So, his army marched west to a place called Meelick Island. According to several sources, this was a crannog, or an artificial island, built into the course of the Shannon, not far from the small townland of Meelick, Galway, where the Little Brosna River feeds into the larger waterway. A major fording point, this portion of the Shannon, to this day, is filled with islands of various size, and we don’t know just what kind of crannog itself Meelick Island was – a completely wooden structure sticking out of the river, a fort on a built up bed or an already existing island that troops were placed on – but Clanricarde thought enough of it that he moved his army there and set them to building up its defences.
Clanricarde was apparently absent for what followed, ordered to Limerick by Ormonde, who suddenly wanted the Connacht forces to back up the defence of that city – even though Ireton had already left. Perhaps Butler had simply lost his nerve when it came to this expedition, and wanted them back over the Shannon and into relative safety.
On the 25th of October, Axtell attacked. He offset his deficiency in numbers by making his move as the light was failing, hiding his weakness and increasing the inevitable confusion of his enemies. Night attacks are always risky, but Axtell was willing to be daring where Clanricarde was not.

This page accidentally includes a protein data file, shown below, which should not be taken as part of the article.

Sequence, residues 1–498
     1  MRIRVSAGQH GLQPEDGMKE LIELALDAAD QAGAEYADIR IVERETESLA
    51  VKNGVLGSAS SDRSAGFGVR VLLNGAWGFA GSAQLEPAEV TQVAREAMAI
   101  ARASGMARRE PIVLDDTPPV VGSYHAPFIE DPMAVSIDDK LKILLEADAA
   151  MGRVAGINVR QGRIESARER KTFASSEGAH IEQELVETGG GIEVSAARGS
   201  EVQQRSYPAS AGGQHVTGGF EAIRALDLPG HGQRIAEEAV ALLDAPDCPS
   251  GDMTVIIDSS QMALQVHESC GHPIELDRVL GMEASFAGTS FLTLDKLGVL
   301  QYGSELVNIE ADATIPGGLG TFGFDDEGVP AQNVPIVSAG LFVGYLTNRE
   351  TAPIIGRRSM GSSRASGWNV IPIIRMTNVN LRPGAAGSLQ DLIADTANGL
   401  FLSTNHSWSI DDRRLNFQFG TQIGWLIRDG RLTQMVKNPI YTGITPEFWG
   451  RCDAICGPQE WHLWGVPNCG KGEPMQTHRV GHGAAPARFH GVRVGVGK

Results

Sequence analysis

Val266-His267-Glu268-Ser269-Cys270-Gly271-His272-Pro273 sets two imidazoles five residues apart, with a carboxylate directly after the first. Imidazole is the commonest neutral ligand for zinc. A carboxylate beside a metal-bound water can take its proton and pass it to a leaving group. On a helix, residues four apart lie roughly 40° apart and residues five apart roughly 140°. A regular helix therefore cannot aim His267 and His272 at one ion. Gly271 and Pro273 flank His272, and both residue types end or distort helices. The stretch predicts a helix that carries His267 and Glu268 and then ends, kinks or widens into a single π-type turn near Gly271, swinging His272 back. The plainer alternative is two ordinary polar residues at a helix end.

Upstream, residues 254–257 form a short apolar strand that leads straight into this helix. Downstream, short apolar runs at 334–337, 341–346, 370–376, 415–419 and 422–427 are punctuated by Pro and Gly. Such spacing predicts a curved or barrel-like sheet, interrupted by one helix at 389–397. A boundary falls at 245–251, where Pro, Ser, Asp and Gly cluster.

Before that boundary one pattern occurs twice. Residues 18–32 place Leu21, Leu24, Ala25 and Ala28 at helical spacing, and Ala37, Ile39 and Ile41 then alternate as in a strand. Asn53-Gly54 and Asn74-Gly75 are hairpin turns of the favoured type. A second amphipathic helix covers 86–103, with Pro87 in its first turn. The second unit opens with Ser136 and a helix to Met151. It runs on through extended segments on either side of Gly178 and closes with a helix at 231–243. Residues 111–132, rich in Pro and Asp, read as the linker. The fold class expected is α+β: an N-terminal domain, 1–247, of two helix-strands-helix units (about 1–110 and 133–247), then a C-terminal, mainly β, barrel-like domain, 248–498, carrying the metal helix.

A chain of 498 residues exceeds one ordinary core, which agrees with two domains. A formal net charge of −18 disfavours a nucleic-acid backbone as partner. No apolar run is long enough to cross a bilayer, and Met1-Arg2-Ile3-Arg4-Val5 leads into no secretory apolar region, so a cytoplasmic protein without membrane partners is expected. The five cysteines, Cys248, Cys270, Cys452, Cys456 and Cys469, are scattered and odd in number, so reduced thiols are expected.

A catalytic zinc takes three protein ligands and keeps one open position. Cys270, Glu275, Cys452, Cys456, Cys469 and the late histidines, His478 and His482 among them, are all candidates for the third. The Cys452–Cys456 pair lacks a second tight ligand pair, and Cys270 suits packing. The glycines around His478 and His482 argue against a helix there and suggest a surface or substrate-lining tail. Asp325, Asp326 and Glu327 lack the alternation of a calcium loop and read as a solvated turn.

The initial guard points on the eastern bank were overcome, and then Parliamentarian infantry poured onto the Island, which could not have been well walled, probably only having a palisade barrier around its edges. The defenders were caught completely off guard, and we can guess that a confusing and vicious fight broke out as night fell. The details are not recorded (more on that in a bit), but the result is: another decisive Parliamentarian victory. The Irish were routed out of Meelick Island and back over to the western side of the Shannon, with as many as a thousand soldiers killed in the process, either by Axtell’s men or by the waters of the Shannon as they tried to escape. Most of Clanricarde’s baggage and war material were captured intact. In the aftermath, all of the positions that Clanricarde had captured in Offaly were retaken, now bereft of support and supply.